• Gajrella: A rice and carrot pudding similar to kheer. The only difference is the addition of carrots.
  • Shahi Tukray: It is believed to have been introduced by Europeans in India during the sixteenth century. Bread is soaked in hot, sugary milk blended with spices such as cardamom and saffron. It is a special dish served during events such as Eid and Ramadan.
  • Sheer Khurma: A festive vermicelli pudding prepared by Muslims on Eid ul-Fitr and Eid al-Adha in India, Pakistan, Afghanistan, and parts of Central Asia. “Sheer” means milk, and “Khurma” means dates in Persian. It is made with vermicelli, milk, dates, saffron, and nuts, cooked until the milk thickens and sweetens. Sheer Khurma is served both hot and cold and is a traditional Eid dish in India and Pakistan.
Kheer Recipe of Mughal Era

Another Recipe of Mughal Era

Moraba: Persian Preserves in Mughal Kitchens

Moraba, an Arabic cuisine introduced to India by the Mughals, refers to preserved fruits in sugar syrup. It has become a familiar and beloved item in households across India and Pakistan. Moraba can be made with various fruits, including apples, unripe mango, carrots, and rose petals.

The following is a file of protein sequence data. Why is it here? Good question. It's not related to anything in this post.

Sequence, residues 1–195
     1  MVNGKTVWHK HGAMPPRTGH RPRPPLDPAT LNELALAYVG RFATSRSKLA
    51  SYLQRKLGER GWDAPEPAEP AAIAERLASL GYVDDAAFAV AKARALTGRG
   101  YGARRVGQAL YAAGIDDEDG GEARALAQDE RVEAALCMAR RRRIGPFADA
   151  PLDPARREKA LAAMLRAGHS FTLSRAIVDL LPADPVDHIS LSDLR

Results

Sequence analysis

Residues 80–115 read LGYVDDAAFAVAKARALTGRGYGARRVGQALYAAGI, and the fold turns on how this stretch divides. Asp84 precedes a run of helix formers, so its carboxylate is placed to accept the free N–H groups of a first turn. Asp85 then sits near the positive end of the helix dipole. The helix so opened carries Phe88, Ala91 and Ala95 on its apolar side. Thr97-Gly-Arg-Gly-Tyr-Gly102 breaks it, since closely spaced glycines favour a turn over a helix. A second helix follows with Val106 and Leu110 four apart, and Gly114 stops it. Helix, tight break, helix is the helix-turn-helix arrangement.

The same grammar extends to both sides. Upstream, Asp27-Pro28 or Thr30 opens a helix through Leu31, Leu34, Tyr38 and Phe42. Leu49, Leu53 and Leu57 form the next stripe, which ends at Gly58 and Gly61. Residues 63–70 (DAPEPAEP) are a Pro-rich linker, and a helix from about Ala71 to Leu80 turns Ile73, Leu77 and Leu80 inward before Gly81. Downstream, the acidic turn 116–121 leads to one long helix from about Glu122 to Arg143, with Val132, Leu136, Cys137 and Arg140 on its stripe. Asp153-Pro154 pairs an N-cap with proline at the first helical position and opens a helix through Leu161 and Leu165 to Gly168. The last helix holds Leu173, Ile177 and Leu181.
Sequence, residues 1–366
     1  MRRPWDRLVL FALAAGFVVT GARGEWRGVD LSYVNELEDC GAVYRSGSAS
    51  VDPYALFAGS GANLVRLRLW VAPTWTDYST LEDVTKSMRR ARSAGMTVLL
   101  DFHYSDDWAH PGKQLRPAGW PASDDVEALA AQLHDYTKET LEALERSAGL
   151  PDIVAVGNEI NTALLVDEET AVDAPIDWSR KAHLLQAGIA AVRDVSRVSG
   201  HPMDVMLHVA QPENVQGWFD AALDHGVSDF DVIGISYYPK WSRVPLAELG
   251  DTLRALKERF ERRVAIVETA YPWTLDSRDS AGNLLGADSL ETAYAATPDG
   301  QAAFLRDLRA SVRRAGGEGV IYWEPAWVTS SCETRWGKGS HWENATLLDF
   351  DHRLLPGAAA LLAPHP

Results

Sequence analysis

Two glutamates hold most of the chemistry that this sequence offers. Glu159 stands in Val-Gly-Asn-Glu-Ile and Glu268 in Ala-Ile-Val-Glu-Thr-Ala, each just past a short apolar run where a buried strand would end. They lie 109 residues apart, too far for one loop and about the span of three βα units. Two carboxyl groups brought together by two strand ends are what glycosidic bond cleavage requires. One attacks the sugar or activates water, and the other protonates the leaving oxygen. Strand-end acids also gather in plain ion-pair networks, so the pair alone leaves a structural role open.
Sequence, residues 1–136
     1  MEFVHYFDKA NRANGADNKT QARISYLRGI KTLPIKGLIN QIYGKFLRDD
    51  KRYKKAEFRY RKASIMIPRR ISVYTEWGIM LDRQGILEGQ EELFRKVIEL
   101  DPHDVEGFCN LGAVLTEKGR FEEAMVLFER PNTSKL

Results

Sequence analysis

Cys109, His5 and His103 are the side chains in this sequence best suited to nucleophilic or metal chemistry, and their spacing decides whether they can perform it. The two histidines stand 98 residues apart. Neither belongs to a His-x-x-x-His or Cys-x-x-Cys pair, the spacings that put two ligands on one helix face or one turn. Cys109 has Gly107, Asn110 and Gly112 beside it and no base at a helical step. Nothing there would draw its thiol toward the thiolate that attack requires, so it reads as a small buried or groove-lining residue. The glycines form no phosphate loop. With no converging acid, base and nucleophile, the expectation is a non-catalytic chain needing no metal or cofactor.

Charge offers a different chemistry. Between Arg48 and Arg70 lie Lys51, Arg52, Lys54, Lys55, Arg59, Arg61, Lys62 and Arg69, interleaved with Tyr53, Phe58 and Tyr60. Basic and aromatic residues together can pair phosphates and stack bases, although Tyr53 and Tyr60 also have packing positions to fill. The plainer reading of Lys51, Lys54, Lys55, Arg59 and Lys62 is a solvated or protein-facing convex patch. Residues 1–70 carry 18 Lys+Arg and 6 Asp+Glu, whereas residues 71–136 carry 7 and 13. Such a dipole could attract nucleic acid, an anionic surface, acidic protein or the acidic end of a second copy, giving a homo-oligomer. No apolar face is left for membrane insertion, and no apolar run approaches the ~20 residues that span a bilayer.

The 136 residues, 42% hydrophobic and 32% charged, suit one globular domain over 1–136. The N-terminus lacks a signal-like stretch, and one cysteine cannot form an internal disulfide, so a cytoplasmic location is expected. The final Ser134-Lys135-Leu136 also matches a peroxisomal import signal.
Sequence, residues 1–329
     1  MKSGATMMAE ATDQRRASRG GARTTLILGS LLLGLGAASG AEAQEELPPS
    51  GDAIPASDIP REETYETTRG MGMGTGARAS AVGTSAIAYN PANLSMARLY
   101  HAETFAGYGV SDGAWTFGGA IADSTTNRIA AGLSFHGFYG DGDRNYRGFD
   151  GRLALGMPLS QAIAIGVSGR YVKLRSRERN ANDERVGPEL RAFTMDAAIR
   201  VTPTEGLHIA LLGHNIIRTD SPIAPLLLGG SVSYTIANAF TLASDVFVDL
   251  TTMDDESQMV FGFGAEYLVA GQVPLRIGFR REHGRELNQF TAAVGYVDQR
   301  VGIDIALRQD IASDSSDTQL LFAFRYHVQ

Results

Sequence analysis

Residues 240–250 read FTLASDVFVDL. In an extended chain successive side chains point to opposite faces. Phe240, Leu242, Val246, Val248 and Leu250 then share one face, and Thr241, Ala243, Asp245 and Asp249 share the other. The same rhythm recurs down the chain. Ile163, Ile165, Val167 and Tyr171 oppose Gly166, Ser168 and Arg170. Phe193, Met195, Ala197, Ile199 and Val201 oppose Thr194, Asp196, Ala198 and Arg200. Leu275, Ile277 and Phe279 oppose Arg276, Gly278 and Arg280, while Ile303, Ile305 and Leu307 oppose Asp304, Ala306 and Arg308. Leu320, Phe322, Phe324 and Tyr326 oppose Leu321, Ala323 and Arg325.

A specific type of Moraba is Plum Moraba, commonly known as ‘Aloo Bukhara.’ The term ‘Aloo’ is derived from the Persian word for plum, and ‘Bukhara’ indicates its source from the Balkan region, primarily Uzbekistan. The sweet and tangy flavor of Aloo Bukhara Moraba, along with its preserved nature, makes it a popular choice in the culinary traditions of the Indian subcontinent.

Sharbat: A Refreshing Mughal Beverage Legacy

Sharbat” is an Arabic word for sugary drinks made with water, fruit juice, and flowers. It is a refreshing beverage enjoyed during the summer or hot months and is commonly consumed during Ramadan to break the fast. The term “sharab,” derived from “sharbat,” is used for alcoholic drinks.

The word “sharbat” has influenced other languages, entering Italian as “sorbetto,” which then became “sorbet” in French. Turkey played a role in introducing sharbat to Europe.

Traditionally, sherbet was made with cane juice but can also be made with sugar and honey. It gained popularity in the Indian subcontinent, especially after Babur, who sought frequent loads of ice from the Himalayas to create a cool, refreshing drink.

Various types of sherbets include: